More from FCPD:

A patrol officer who has more than four years of law enforcement experience and who is assigned to the Mason District Station was driving in a marked police cruiser in the area of Arlington Boulevard and Graham Road. The officer was responding to a call for service for disorderly subjects.

The marked police cruiser was proceeding through a green light eastbound on Arlington Boulevard approaching the intersection of Graham Road.

This intersection has a pedestrian crosswalk with a pedestrian signal for the crosswalk. The posted speed limit for Arlington Boulevard in that area is 45 miles per hour.

As the police cruiser proceeded through the intersection, an adult male was struck in the left travel lane of Arlington Boulevard by the cruiser. The location of impact was within the crosswalk as determined by the police cruiser in-car video.

The officer immediately stopped to render first aid and called for the Fire and Rescue Department. The pedestrian was transported to the hospital by rescue personnel and was pronounced deceased.

“The best information we have right now is that the officer did have a green list, was proceeding through the intersection and that the pedestrian was, unfortunately, crossing against the ‘Don’t walk’ sign,” Chief Edwin Roessler Jr. said during a press conference yesterday.

Montoya’s death marks the 14th pedestrian fatality in the county this year, according to police.

“This is an intersection that has a historical issue with pedestrian safety,” Roessler said at the press conference.

Cyclist and pedestrian advocates are urging people to attend a meeting tonight (Monday) about changes to Route 50.

The Virginia Department of Transportation (VDOT) is looking to get community feedback about a Route 50 study currently underway to identify potential safety and operational changes for Route 50 between Jaguar Trail and Wilson Blvd.

The Fairfax Alliance for Better Bicycling (FABB) took to social media to urge people to attend the meeting.

Bruce Wright, a board member of FABB, said that the Graham Road and Route 50 intersection was identified in 2004 “as a big problem” for pedestrian safety and is “still very dangerous.”

Wright said that service roads along Route 50, the dense residential area nearby and high speed limit contribute to the safety factors at the intersection. Wright said he wants VDOT and the county to consider redesigning the intersection and lowering the speed limit.

“It is such an important corridor and yet it’s optimized for motorists,” Wright said.

FABB is working with local police to identify where bicycle crashes are happening, Wright said, adding that the group wants to work with VDOT as well.

The crash is currently under investigation and is working to determine the cruiser’s speed, the lighting conditions at the intersection and the condition of the pedestrian walk sign, along with a forensic medical examination, police said.

“The results of the investigation by the Crash Reconstruction Unit will be presented to the Office of the Commonwealth’s Attorney for Fairfax County,” the press release said.

Anyone with information about the crash can contact Crash Reconstruction Unit detectives at 703-280-0543.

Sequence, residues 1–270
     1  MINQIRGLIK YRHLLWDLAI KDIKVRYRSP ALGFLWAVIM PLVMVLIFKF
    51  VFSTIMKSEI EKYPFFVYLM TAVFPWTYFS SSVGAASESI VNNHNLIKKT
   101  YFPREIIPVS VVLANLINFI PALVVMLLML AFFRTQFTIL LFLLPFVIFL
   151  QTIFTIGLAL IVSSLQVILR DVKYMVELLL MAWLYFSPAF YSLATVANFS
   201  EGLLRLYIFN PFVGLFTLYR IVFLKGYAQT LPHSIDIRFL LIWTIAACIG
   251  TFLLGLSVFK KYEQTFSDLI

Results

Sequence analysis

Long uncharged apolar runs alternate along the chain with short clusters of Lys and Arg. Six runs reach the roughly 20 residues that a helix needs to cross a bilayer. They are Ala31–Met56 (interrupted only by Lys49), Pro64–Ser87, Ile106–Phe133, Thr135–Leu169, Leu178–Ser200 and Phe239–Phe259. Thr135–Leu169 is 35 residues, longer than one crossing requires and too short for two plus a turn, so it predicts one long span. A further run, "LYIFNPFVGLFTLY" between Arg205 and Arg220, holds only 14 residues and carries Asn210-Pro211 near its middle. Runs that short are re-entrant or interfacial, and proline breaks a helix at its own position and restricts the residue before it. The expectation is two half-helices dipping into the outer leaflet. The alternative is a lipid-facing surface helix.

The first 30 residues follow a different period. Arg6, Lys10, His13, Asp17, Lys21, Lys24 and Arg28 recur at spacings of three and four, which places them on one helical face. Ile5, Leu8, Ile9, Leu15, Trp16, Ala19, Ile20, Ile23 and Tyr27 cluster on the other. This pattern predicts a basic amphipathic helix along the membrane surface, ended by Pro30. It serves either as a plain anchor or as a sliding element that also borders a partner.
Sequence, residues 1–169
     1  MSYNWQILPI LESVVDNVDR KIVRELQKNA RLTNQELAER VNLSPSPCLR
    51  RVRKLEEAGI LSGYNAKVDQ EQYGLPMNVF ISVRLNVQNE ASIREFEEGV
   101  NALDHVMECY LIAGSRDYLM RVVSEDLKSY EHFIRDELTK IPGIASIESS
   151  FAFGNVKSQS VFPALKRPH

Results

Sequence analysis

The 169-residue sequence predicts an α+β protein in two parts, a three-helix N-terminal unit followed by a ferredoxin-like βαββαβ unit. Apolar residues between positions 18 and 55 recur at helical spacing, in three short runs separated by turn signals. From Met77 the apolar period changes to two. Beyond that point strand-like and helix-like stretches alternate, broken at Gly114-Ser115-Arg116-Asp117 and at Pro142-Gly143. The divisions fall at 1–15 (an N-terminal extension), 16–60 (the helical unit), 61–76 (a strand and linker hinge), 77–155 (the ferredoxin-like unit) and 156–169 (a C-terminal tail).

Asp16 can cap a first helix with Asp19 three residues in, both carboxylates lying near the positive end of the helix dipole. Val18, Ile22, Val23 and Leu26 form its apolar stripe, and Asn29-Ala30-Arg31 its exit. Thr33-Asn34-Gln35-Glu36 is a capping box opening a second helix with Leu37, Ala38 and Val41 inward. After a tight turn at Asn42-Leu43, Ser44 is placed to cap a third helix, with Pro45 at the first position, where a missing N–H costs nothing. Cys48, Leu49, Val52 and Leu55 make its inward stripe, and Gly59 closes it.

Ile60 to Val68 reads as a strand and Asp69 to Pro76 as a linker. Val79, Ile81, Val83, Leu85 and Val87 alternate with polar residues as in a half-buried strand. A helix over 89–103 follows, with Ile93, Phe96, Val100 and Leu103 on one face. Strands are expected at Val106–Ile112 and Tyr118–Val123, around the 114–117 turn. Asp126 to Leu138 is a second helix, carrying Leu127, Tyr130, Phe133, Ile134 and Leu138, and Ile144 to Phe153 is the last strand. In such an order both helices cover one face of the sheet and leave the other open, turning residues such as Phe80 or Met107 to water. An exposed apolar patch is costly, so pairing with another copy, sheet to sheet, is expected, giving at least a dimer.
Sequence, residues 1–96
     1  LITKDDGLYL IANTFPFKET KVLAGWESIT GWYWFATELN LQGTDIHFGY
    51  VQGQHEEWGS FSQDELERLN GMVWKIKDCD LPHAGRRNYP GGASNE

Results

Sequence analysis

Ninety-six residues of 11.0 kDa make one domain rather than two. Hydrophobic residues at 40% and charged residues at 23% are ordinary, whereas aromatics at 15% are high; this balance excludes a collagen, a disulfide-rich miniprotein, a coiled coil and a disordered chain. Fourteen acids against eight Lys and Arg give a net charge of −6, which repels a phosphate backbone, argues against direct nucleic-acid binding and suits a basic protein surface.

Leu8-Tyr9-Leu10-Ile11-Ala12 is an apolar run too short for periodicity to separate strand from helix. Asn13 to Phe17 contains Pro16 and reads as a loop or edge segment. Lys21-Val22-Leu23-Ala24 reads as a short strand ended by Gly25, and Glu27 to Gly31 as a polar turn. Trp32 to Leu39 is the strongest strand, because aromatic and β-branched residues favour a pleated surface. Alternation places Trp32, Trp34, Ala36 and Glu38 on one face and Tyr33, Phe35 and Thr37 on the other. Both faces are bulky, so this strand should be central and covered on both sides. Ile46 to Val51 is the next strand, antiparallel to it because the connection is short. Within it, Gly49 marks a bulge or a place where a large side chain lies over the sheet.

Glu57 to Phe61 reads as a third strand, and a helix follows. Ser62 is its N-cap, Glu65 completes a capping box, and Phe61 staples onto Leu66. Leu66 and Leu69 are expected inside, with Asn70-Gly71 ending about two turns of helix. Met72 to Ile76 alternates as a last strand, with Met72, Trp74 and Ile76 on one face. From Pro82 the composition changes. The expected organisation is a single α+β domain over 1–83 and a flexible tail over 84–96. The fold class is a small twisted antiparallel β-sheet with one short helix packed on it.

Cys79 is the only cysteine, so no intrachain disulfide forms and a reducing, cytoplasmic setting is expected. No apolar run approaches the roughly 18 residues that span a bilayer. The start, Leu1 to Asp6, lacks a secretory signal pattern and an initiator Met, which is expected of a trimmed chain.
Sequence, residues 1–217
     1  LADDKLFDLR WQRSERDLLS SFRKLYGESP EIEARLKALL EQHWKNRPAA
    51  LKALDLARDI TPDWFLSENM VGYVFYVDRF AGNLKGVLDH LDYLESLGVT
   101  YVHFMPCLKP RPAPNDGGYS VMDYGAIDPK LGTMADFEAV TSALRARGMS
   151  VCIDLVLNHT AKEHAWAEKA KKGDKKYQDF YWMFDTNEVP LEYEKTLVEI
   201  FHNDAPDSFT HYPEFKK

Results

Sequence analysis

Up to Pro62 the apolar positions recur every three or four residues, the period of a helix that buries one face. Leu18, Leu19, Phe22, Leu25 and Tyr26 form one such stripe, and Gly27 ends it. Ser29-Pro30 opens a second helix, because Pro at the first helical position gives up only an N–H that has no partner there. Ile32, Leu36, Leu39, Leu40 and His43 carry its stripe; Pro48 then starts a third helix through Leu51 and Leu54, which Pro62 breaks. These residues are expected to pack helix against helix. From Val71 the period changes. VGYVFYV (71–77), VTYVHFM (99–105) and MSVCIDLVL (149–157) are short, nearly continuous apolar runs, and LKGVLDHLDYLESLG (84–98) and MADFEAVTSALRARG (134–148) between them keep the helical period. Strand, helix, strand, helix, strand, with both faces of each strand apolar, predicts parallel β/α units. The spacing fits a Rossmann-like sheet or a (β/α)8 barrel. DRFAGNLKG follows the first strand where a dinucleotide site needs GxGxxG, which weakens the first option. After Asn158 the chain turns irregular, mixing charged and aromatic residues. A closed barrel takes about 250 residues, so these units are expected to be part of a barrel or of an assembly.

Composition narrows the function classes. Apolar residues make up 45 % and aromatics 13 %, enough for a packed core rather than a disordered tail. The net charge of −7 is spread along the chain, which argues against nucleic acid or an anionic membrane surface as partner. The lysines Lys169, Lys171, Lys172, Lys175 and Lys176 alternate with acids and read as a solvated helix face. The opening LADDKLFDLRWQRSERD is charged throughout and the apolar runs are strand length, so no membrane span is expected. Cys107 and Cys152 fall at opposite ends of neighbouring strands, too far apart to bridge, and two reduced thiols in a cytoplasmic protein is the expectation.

“The involved officer was reassigned to administrative duties pending the outcome of our investigations by the Crash Reconstruction Unit and the Internal Affairs Bureau,” police said.

Map via Google Maps

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Next week, people can give their input on ways to improve Route 50 in the Falls Church area of Fairfax County.

The Virginia Department of Transportation (VDOT) is holding a meeting on Monday (Oct. 21) to get community feedback about a Route 50 study that started in June and is currently underway.

The study is looking at potential safety and operational changes for three miles of Route 50 between Jaguar Trail and Wilson Blvd. Up to 51,000 vehicles travel daily in the area of Route 50, according to VDOT.

Possible improvements include:

  • traffic signal timing/operations
  • turn lane
  • turn restrictions
  • access management
  • pedestrian enhancements
  • innovative intersections

The meeting is set to take place in the cafeteria at Falls Church High School (7521 Jaguar Trail) from 6:30-8:30 p.m. A short presentation will start at 7 p.m., followed by time for questions with VDOT staff.

People can take an online survey and submit comments at the meeting or by Thursday, Oct. 31, to Bobby Mangalath, at 4975 Alliance Drive, Fairfax, VA 22030.

VDOT plans to hold another information meeting when the study wraps up in the spring.

Photo via VDOT

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As the windy day continues, two power outages are affecting about 50 Dominion Energy customers between Route 50 and Route 29 in the West Falls Church area.

One power outage is affecting 37 customers by Stuart Drive, while a second one is affecting 26 customers by Thomas Jefferson Library, according to Dominion.

Power is expected to be restored this evening before 10 p.m., according to Dominion.

The causes of the outages are pending investigations.

Map via Dominion Energy

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Updated at 9 a.m. on 7/9/19 — Updates FCPD list of road closures below. Only Kirby Road is still closed.

Updated at 5:45 p.m. — Fairfax County police said that the 1300 block of Kirby Road will be closed “for significant time” while the damage is assessed.